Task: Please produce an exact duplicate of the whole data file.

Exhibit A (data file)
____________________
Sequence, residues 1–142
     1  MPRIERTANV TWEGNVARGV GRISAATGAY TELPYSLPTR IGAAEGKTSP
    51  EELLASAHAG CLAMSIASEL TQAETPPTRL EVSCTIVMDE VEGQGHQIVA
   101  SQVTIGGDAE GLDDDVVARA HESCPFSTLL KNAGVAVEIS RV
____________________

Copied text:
Sequence, residues 1–142
     1  MPRIERTANV TWEGNVARGV GRISAATGAY TELPYSLPTR IGAAEGKTSP
    51  EELLASAHAG CLAMSIASEL TQAETPPTRL EVSCTIVMDE VEGQGHQIVA
   101  SQVTIGGDAE GLDDDVVARA HESCPFSTLL KNAGVAVEIS RV